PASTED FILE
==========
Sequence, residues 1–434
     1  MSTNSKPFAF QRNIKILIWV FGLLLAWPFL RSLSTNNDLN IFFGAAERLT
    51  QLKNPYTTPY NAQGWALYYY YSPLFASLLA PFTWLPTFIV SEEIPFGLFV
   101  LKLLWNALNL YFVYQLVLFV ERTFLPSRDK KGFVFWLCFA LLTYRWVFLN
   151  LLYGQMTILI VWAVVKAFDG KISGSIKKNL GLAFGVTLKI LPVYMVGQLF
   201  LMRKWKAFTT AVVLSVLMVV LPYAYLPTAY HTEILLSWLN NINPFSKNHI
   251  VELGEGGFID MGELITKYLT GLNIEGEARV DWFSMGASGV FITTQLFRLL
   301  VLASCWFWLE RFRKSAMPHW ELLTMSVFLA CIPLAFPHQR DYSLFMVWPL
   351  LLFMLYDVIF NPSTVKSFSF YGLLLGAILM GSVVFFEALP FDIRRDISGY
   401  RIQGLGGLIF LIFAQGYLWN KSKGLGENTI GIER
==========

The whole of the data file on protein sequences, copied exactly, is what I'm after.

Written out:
Sequence, residues 1–434
     1  MSTNSKPFAF QRNIKILIWV FGLLLAWPFL RSLSTNNDLN IFFGAAERLT
    51  QLKNPYTTPY NAQGWALYYY YSPLFASLLA PFTWLPTFIV SEEIPFGLFV
   101  LKLLWNALNL YFVYQLVLFV ERTFLPSRDK KGFVFWLCFA LLTYRWVFLN
   151  LLYGQMTILI VWAVVKAFDG KISGSIKKNL GLAFGVTLKI LPVYMVGQLF
   201  LMRKWKAFTT AVVLSVLMVV LPYAYLPTAY HTEILLSWLN NINPFSKNHI
   251  VELGEGGFID MGELITKYLT GLNIEGEARV DWFSMGASGV FITTQLFRLL
   301  VLASCWFWLE RFRKSAMPHW ELLTMSVFLA CIPLAFPHQR DYSLFMVWPL
   351  LLFMLYDVIF NPSTVKSFSF YGLLLGAILM GSVVFFEALP FDIRRDISGY
   401  RIQGLGGLIF LIFAQGYLWN KSKGLGENTI GIER